When you maintain your fiscal calendar in the Financial Application Global Maintenance window, you can set a period to have either an Active, Closed or Locked status.
The ACTIVE status is pretty straight forward — It will allow transactions to occur in the period.
Setting the period to CLOSED or LOCKED status will prevent new transactions from being entered into the period.
But why have 2 settings to prevent transactions? What is the difference?
Well it all comes down to security.
If you CLOSE a period, anyone who has access to the Accounting Window (under the LEDGER menu) can easily toggle the status back to ACTIVE using the “Close/Reopen Period” function (as shown below) – and allow new transactions to occur in the period.
If you LOCK a period, then this “Close/Reopen Period…” feature will be disabled. The only way the period can be “Reopened” is through the Financial Application Global Maintenance which should be locked down (with limited access) from users.
This setup allows for tighter controls in your organization.
OK. So no sooner did I just post this piece I get pinged from a colleague letting me know that I may be promoting bad “Visual” accounting practice.
So let me put on my accounting hat on…
By no means did I intend to say that you should be opening and closing your periods from the Financial Application Global Maintenance window. You should be doing this from the Accounting Window using the “Close/Reopen Period” feature. The reason being is that the Accounting Window will ensure that there are no unposted transactions in the period you’re closing, whereas the Financial Application Global Maintenance window will allow you to CLOSE or LOCK a period with unposted transaction (not good).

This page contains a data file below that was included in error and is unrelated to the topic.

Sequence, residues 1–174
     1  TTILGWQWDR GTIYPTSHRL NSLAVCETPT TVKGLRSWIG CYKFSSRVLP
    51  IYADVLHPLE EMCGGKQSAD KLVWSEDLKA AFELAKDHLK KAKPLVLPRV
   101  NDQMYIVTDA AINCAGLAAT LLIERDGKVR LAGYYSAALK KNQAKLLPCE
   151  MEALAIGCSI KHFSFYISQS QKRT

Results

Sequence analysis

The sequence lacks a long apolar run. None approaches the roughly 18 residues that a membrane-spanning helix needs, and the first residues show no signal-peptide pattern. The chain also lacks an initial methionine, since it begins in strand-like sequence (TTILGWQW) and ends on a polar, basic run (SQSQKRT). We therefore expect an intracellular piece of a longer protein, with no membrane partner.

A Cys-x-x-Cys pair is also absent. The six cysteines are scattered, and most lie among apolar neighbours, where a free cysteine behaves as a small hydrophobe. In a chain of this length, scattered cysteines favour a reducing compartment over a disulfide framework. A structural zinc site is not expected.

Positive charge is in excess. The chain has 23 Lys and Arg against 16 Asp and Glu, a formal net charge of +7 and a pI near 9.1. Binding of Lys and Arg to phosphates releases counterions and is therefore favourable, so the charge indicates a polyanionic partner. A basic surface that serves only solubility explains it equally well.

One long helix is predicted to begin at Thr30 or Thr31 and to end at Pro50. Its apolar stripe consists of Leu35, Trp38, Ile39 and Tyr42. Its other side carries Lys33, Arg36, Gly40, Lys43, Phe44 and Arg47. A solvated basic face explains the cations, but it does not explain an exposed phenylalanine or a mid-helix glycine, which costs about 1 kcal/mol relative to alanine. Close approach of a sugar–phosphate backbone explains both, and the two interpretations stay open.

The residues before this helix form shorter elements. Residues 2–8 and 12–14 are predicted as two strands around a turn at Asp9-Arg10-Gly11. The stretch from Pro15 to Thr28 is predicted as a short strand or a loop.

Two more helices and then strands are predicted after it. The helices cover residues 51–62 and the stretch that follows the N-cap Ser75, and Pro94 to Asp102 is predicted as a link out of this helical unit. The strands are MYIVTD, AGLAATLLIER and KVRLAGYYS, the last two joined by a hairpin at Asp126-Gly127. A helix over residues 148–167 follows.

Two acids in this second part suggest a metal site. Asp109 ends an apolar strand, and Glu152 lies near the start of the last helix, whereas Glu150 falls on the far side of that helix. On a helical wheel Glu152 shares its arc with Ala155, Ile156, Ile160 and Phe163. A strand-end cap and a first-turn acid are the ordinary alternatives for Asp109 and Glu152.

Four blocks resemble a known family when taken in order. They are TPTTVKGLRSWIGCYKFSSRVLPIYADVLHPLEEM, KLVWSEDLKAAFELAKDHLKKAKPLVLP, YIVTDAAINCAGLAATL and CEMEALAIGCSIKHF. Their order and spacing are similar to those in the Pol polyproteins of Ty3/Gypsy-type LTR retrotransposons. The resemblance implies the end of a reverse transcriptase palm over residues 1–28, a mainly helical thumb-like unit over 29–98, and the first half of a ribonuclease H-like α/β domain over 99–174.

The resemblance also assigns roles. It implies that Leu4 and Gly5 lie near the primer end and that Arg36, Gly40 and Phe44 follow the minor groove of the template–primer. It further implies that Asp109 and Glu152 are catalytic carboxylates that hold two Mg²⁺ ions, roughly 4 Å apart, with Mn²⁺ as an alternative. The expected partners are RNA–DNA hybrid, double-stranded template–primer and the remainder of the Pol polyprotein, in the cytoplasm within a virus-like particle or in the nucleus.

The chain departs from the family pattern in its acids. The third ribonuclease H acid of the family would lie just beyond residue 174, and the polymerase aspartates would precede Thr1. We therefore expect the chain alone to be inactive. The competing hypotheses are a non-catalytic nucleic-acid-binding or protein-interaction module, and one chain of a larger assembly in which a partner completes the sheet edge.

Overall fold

The Locked status is only available from the Financial Application Global Maintenance window and will prevent users from reopening the period from the Accounting Window – reinforcing the fact that the reporting of the period is final
This post was intended to explain the difference between the CLOSED and LOCKED status when maintaining your fiscal calendar.
Accounting hat off